Motorcycles Saved My Life: Stories from the Ledge

Seriously. Motorcycles saved my life.

Looking back through the darkest moments of adulthood – moments of loss, hopelessness, fear, loneliness… the motorcycle, in one way or another was there to help me find my way to the light.

And, in the cases where it wasn’t the motorcycle that helped me directly, it was the people I’ve met as a result of riding motorcycles.

My Motorcycle, My Healing Machine

motorcycles saved my life blog post - puddle photo that looks like space

In 2013, my dad shuffled off his mortal coil and returned to stardust. It was the first time I experienced such a tremendous loss.

Growing up, this kooky guy shaped my mind as a stay-at-home dad in my youngest years. I don’t think anyone that knew him would argue with me when I say my dad was a total weirdo. He taught me things that I could never have learned from my mom. I’ll always be grateful for that experience.

As he deteriorated over the last decade of his life, the man I knew growing up wasn’t there anymore. But ridiculous stories and memories of how he followed his whims stayed in my heart.

Though his passing was not unexpected, when it finally happened there was a strange feeling of being rudderless. One of the constants in my life was gone. Nothing prepares you for that type of finality.

Following the death of my pop, riding my motorcycle was one way that I could feel normal. It forced me to stay in the moment, to see life as it was happening. I couldn’t deny or ignore the enjoyable sensations I was experiencing.

I was able to ride through some of my grief.

My Motorcycle, My Therapist

my motorcycles saved my life blog post photo - foggy triumph bonneville on the blue ridge parkway

In the autumn of 2018, my grasp on sanity was tenuous. During the summer months of that year, my existence was rocked by a psychotic episode. The event thrusted me into swirl of confusion, fear, pain, and despair.

When your only goal is making it through the next hour without losing your mind, life seems futile and hopeless.

During that crazy summer, I was something of a shut-in. But after a few months of pills, endless hours of tv, crying, and therapy – motorcycle-related activities enticed me to start voluntarily leaving the house again.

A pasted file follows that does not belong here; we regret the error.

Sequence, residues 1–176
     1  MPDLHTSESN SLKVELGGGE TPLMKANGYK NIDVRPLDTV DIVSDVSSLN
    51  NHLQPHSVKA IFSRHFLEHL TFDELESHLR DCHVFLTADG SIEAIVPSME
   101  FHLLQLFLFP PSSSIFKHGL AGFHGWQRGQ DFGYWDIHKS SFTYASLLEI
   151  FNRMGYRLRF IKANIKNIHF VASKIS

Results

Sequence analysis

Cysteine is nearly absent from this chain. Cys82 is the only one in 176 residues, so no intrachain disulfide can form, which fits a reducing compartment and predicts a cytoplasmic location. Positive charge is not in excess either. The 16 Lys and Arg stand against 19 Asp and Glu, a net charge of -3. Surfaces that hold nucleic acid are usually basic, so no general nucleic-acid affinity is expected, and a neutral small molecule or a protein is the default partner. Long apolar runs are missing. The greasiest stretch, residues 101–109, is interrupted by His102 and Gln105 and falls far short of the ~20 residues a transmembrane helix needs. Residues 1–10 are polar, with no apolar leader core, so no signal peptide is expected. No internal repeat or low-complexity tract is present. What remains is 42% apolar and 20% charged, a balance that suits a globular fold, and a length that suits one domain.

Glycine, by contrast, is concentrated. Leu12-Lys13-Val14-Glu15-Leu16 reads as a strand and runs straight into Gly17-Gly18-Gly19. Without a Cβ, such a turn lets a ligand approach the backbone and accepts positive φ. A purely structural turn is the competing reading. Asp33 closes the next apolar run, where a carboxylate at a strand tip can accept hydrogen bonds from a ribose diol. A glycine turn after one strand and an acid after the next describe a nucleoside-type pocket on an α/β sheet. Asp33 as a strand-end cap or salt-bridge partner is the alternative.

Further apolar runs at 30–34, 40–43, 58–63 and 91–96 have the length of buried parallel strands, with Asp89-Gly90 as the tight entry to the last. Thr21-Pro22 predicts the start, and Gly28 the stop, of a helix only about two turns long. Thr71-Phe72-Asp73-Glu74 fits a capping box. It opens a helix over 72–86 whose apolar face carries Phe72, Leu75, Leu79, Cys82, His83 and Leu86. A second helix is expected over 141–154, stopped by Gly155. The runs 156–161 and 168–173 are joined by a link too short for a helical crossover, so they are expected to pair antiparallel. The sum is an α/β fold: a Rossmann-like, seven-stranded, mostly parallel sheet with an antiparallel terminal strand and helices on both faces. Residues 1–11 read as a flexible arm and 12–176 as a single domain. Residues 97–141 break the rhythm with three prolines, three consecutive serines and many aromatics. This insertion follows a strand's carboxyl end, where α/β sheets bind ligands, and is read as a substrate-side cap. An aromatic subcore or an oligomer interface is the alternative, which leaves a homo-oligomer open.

I didn’t know how to live. But, I knew how to ride a motorcycle. And that was something good.

During that volatile period, it was the common thread of motorcycling that pushed me to connect; to try to rediscover myself. And as a result of those connections, I wholeheartedly credit the people who propped me up without asking too many questions and didn’t try to fix me, with saving my life.

Each of the people who ran quietly behind me until I didn’t need training wheels anymore were motorcycle people.

My Motorcycle, My Lifesaver

Motorcycles saved my life by being my lifeline to the outside world. When the devil on my shoulder told me that I should withdraw from life, my motorcycle was the angel that gave me wings.


Rachael is the whimsical writer behind the 20+ year old Girlie Motorcycle Blog. As a freelance blogger, she is on a mission to inspire laughter, self-examination, curiosity, and human connection. Girlie Motorcycle Blog can be found on several Best Motorcycle Blog lists.

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10 Responses

  1. Ted Kettler says:

    I’ve been without my motorcycle since the last week of June. Well I should say I had it but I couldn’t ride it. It was broken. Four weeks ago I brought it to the shop to get fixed. They still have it, I don’t know if it’s done, they won’t take my calls. I’m going nuts. I need wind therapy badly. I feel…………. empty, sad, frustrated and I’m driving people crazy. I know that once I have it back, I’ll be golden. Until then……..

    • Will B. says:

      Time to get down there and visit them, methinks. Your story is not uncommon.

      • Haydn Fry says:

        Dear Rachael,
        I was moved by your story, your father sounds like the kind of father I never had, mine’s still alive (83) we get along but there’s never been a connection between us. I was very saddened to read of the times you have been through and am glad your heart still beats to the thrum of your motorcycle’s engine. I genuinely say the world would be a lesser place without you in it.